The now-dismissed lawsuit, brought by New Yorkers for Constitutional Freedoms, whose leadership is composed mostly of evangelical ministers, featured a number of claims, including that the state’s open meetings law was violated at least twice prior to the vote that okayed the measure.

The court was not asked to look at the broader constitutional issue of same-sex marital rights, a course some critics of the law could still try to launch. "What is most troubling is that the court has surrendered its rightful role as a check and balance on an out-of-control Legislature," said Rev. Jason McGuire, executive director of group that brought the suit.

Critics noted one Senate Republican who voted for the bill – Roy McDonald of Saratoga County – has already seen his political career end with a September primary defeat and another, James Alesi of Rochester, decided against facing voters this fall by retiring. Buffalo Senate Republican Mark Grisanti lost the Conservative Party line because of his support for the bill, though he is leading in general election polls. The fourth Senate GOP backer, Steve Saland of Dutchess County, is facing a tough re-election fight this fall, and Gov. Andrew Cuomo came to his defense last week by crossing party lines to endorse the veteran lawmaker.

Cuomo, who made the gay marriage bill his signature policy piece of 2011, praised the Court of Appeals decision not to hear the legal challenge. "The freedom to marry in this state is secure for generations to come," Cuomo said in a statement this afternoon.

Cuomo: My bags are packed

By Tom Precious

ALBANY – The clock is ticking, but President Obama has still not given a road map to Gov. Andrew Cuomo for where the New York Democrat can serve as a surrogate in the final weeks of the presidential campaign.

Cuomo, who had a low-key role at the party’s convention this summer in North Carolina, last week began talking up his plans to go to swing states on the president’s behalf to woo Democratic voters in the all-important get-out-the-vote effort. 

Asked again if he had gotten word from the White House about when he will hit the trail, Cuomo, in a brief session with reporters today, said, “I don’t think so.’’ His spokesman, Joshua Vlasto, quickly added, that there has been no official notification yet, but, “We’ll go where they need us to.

Dems claim 10-point lead for Slaughter

 
By Robert J. McCarthy

   Political menus often feature internal polls of congressional campaigns with only two weeks before Election Day -- and should be digested with a large dose of salt.

   But the latest from those assisting the re-election efforts of Rep. Louise M. Slaughter, D-Fairport, say the veteran congresswoman has opened a 10-point lead in her see-saw contest against Maggie Brooks, the Republican Monroe County executive.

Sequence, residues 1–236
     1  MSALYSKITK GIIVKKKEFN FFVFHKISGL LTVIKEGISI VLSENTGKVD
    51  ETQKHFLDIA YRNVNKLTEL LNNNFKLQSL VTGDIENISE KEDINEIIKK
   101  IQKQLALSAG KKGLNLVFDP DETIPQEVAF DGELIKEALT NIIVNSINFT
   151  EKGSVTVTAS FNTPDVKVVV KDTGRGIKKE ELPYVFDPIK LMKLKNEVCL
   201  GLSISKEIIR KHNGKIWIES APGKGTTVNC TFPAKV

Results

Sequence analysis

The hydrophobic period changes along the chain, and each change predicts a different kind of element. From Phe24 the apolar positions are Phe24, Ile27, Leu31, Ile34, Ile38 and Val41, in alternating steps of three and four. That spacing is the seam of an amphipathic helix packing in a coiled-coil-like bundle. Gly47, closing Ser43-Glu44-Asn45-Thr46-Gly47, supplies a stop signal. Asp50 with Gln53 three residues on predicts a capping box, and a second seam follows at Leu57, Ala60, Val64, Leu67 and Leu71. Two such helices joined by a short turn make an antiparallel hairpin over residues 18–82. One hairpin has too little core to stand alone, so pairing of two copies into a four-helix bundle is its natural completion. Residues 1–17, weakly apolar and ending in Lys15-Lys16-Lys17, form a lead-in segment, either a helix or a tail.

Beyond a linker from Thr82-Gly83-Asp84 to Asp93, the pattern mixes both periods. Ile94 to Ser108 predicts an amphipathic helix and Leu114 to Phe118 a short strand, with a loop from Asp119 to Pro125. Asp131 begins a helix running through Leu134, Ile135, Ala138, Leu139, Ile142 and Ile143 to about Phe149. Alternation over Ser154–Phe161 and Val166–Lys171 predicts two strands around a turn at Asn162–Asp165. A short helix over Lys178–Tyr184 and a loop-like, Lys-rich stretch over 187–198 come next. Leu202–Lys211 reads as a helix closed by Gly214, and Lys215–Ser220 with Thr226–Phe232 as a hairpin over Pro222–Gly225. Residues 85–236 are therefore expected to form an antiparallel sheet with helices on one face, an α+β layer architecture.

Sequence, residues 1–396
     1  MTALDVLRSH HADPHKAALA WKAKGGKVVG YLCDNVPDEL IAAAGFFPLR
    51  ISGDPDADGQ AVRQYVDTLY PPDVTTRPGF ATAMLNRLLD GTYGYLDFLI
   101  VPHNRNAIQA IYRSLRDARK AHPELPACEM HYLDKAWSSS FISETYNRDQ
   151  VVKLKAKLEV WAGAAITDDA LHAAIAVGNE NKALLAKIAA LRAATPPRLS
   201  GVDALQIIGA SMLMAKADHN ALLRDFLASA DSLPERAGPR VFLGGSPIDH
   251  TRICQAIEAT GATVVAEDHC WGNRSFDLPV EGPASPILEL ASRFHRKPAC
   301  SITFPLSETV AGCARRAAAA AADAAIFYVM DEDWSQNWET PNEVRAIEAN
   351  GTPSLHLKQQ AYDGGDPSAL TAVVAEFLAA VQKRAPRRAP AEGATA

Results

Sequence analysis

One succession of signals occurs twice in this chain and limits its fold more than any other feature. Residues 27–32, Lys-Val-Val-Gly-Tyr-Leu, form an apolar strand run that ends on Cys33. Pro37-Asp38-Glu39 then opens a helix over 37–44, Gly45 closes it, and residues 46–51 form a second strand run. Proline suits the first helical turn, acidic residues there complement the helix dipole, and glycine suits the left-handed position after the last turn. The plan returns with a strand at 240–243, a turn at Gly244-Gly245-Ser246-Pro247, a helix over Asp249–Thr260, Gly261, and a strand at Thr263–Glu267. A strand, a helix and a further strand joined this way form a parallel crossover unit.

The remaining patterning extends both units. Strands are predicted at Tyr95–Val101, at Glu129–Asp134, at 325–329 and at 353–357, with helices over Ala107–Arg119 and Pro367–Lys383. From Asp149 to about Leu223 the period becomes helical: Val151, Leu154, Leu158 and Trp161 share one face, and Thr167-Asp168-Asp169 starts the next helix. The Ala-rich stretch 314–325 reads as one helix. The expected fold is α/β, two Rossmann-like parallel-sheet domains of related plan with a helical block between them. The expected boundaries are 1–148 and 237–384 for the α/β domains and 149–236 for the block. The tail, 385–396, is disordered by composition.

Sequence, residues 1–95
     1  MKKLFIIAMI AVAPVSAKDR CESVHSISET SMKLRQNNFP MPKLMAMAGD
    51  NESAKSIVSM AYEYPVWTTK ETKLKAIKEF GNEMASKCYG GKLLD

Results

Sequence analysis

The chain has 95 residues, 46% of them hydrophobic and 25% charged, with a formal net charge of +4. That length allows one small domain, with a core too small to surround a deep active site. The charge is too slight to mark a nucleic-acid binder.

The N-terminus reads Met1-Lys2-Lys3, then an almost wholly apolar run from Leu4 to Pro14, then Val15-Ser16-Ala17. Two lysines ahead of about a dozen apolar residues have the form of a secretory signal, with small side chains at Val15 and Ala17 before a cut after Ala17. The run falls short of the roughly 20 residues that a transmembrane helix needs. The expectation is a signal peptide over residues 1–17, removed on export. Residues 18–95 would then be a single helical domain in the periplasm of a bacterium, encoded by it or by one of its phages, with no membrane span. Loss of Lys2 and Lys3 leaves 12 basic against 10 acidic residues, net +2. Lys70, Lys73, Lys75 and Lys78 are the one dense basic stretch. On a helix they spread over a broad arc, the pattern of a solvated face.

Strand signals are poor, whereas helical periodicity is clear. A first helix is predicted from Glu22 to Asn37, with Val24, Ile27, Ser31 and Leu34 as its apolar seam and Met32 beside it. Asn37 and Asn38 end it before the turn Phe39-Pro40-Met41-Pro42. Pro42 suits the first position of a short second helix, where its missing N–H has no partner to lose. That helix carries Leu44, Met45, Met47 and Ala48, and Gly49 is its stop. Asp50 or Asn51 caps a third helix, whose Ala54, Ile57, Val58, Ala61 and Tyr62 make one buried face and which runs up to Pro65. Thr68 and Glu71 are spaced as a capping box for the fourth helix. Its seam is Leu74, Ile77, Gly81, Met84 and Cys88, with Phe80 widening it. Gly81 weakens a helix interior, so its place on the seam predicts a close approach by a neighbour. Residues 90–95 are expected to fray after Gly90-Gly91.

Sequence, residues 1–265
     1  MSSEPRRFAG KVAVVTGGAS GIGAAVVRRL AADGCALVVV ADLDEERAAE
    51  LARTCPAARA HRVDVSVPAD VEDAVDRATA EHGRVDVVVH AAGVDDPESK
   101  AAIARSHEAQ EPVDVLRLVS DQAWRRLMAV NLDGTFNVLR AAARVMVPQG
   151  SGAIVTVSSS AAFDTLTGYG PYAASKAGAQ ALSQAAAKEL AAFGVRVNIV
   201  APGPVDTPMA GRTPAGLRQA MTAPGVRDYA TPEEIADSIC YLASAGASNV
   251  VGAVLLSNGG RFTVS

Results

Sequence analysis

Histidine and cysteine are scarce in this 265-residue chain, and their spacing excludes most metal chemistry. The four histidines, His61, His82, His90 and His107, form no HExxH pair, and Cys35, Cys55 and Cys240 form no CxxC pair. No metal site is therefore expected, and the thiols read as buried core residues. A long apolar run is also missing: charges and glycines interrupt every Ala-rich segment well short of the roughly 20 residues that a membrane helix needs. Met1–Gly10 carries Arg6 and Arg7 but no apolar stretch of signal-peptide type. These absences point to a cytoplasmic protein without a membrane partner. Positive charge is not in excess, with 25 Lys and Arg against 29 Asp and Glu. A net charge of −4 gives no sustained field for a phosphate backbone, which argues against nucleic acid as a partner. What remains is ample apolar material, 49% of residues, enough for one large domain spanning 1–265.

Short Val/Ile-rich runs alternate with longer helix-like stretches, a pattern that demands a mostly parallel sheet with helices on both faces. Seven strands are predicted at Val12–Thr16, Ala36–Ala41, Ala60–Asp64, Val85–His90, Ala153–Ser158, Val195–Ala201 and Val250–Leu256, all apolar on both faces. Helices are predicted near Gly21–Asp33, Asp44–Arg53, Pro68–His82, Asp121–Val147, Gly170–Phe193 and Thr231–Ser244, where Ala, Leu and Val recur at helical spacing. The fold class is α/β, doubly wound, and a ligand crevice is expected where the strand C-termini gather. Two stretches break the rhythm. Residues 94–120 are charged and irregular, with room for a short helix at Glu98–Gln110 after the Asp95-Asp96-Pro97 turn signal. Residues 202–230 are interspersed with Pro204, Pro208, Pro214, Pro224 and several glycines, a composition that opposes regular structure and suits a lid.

"Slaughter now holds a 10-point lead, 53–43 percent, up from a six-point lead in August when she led 52–46 percent," said a news release from the Democratic Congressional Campaign Committee. "Furthermore, 39 percent say they are very certain to vote for Slaughter, compared to 27 percent for Brooks."

   The  survey of NY 25 was conducted by GBA Strategies from Oct. 17–18. It interviewed 400 likely voters on both landlines and cell phones. Results are subject to a margin of error of plus or minus 4.9 percent at the 95 percent confidence interval.

   The internal results also show President Obama maintaining a 14-point lead over Mitt Romney, 54–40 percent, in the district.

   Slaughter is returning to her Monroe County roots as a result of reapportionment after a decade of representing parts of Buffalo, northern Erie County and Niagara County.

Live chat: Presidential debate analysis with Doug Turner at noon Tuesday

Discuss Monday night’s third and final presidential debate with The News’ Washington columnist Doug Turner.

Live stream: Presidential debate

Mitt Romney and President Obama face off for the final of three debates before Election Day.

Video: Week in Washington - Buffalo edition

Washington Bureau Chief Jerry Zremski reports from Buffalo as he looks forward to reporting on the Collins-Hochul race and looks back at his reporting from several swing states.

 

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About Politics Now

Robert J. McCarthy

Robert J. McCarthy

A native of Schenectady, Robert J. McCarthy came to The Buffalo News in 1982 following a six-year stint at the Olean Times Herald. He is a graduate of St. Bonaventure University, and has been covering local, state and national politics since 1992.

rmccarthy@buffnews.com


Tom Precious

Tom Precious

Tom Precious joined The Buffalo News in 1997 as bureau chief at the state Capitol, where he covers everything from statewide politics and state government fiscal affairs to health care, environmental and municipal government matters. Prior to The News, he worked for news outlets in Albany and Washington, DC.

tprecious@buffnews.com


Jill Terreri

Jill Terreri

Jill Terreri is an Amherst native and has covered politics and government in upstate New York since 2003. She joined The Buffalo News in 2012 and covers City Hall.

@jillterreri | jterreri@buffnews.com


Jerry Zremski

Jerry Zremski

Jerry Zremski, The Buffalo News Washington bureau chief, has reported from the nation's capital since 1989 after joining The News as a business reporter in 1984. A graduate of Syracuse University, Zremski is a former Nieman fellow in journalism at Harvard University. In 2007, he served as president of the National Press Club.

@JerryZremski | jzremski@buffnews.com